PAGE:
According to the US Department of Health and Human Services, almost 70% of persons over the age of 65 will require long-term care at some point in their lives. Many people who need senior care are experiencing cognitive decline or memory loss. According to the World Health Organization, about 50 million people worldwide have dementia, with about 10 million new cases diagnosed each year.

Is Memory Care More Expensive Than Assisted Living?

You’re definitely faced with difficult choices if you’re seeking long-term care for an aging loved one. In terms of levels of care, amenities, staff training, and expense, senior living differs widely.

What is the difference between assisted living and memory care facilities near me, two popular and rapidly rising types of senior living? Before choosing between assisted living and memory care, it’s crucial to understand the differences between the two types of care.

Understanding the Difference Between Assisted Living and Memory Care

Memory care and assisted living Many of the same services are available in senior living facilities, including housing, meals, and assistance with activities of daily living (ADLs) such as bathing, grooming, and toileting. Memory care, on the other hand, caters to elders suffering from memory loss, Alzheimer’s disease, and other forms of dementia.

 

To make the greatest decision for your aging loved one, learn more about the distinctions between assisted living and memory care.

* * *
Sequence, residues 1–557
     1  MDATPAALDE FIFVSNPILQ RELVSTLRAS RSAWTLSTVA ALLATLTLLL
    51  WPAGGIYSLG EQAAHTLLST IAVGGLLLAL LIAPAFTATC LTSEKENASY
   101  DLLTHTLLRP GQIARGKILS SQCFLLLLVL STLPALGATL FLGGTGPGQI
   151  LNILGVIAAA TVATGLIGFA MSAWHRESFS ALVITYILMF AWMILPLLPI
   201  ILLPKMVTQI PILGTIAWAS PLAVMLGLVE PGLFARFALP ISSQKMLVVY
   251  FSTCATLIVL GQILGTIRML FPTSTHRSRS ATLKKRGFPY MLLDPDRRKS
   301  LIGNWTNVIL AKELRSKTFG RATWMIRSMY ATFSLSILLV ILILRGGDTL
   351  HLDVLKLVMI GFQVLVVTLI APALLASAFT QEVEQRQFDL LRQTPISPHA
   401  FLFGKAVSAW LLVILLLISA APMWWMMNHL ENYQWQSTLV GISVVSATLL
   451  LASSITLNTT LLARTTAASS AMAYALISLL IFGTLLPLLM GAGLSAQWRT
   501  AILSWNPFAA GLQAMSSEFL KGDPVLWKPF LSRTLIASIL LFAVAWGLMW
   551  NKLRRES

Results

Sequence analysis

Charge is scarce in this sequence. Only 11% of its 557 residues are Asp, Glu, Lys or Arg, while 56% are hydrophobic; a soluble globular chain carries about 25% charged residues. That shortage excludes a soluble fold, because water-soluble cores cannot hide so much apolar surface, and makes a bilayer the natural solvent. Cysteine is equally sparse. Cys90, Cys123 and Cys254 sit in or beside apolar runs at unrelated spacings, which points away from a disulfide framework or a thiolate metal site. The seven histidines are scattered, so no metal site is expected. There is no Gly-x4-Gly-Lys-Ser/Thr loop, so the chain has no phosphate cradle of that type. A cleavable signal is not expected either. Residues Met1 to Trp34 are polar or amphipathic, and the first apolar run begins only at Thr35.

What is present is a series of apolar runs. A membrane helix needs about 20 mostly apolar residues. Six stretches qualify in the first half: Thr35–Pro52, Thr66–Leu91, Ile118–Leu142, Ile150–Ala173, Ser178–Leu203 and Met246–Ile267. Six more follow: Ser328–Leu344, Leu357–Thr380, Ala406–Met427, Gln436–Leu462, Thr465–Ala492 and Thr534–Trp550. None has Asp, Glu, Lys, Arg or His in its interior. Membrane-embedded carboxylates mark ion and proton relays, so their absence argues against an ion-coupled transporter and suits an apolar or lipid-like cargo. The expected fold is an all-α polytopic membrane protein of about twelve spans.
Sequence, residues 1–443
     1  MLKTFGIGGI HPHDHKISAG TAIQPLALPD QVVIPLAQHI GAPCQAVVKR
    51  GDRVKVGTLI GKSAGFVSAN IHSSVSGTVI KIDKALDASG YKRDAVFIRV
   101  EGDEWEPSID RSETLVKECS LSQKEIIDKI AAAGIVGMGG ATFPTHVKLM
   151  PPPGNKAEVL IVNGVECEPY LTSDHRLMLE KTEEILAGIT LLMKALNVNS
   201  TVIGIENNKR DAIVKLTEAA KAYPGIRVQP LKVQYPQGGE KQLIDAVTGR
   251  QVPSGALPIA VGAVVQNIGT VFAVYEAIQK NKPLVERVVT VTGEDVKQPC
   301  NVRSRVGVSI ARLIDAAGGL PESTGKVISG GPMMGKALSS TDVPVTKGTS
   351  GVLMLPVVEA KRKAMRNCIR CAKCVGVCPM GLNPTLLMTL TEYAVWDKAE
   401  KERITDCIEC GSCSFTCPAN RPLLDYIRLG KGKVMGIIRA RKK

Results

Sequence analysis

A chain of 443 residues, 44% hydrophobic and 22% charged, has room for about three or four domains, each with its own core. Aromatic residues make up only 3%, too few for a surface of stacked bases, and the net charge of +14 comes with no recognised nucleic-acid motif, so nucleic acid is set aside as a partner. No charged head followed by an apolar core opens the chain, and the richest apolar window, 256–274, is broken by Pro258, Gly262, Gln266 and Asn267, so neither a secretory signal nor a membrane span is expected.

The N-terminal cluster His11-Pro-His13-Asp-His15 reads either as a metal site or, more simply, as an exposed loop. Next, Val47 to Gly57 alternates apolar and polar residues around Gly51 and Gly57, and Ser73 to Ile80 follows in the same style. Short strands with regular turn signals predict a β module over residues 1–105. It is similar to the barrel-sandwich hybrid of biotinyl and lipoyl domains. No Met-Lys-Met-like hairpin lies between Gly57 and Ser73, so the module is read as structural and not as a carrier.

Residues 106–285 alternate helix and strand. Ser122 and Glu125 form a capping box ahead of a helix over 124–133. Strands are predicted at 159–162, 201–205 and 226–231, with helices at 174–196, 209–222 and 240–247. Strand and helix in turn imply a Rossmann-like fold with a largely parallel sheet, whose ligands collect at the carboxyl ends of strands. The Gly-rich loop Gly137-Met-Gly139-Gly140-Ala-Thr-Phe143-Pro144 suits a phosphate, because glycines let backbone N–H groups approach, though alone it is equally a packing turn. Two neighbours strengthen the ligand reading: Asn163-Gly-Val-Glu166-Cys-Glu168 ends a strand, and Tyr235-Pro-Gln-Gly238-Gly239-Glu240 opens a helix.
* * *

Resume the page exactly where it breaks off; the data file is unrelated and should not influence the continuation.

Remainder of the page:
Safety

Safety elements such as in-room emergency alarm systems and daily check-ins may be available in assisted living settings. However, enhanced safety is a big worry for elders with memory loss, as wandering, violence, and falls are all frequent but harmful dementia behaviors.

Memory care facilities prioritize environmental safety. Other wandering-prevention systems include keypad access, hidden exits, and doorbells that signal entering and exiting. Falls are prevented via facility layouts that reduce confusion. The facilities also include soothing therapies to help individuals deal with anger and disorientation, which can lead to aggression or self-injury.

Staff Education and Care

Both assisted living and memory care staff members have prior experience assisting residents with day-to-day duties. For those with dementia, memory care professionals are well-equipped and qualified to provide 24-hour care that preserves their cognitive skills, identity, and quality of life.

Memory care specialists can effectively avoid and control dangerous dementia behaviors like wandering and aggression. They also know how to balance encouraging people to be self-sufficient while still offering support. Memory care also offers a higher staff-to-resident ratio than assisted living and other types of elder care, so seniors get more one-on-one time.

Amenities

Although amenities differ considerably from one community to the next, many assisted living communities provide the following:

Many of these amenities are common in memory care settings, but the most significant characteristic is that you’ll find unique layouts and design features to help orient individuals and prevent confusion. In memory care communities, design aspects may include:

Therapies and activities

Assisted living facilities are for active seniors who need daily assistance. Assisted living provides a wealth of social options for this demographic. Even better, a variety of scheduled activities are often offered.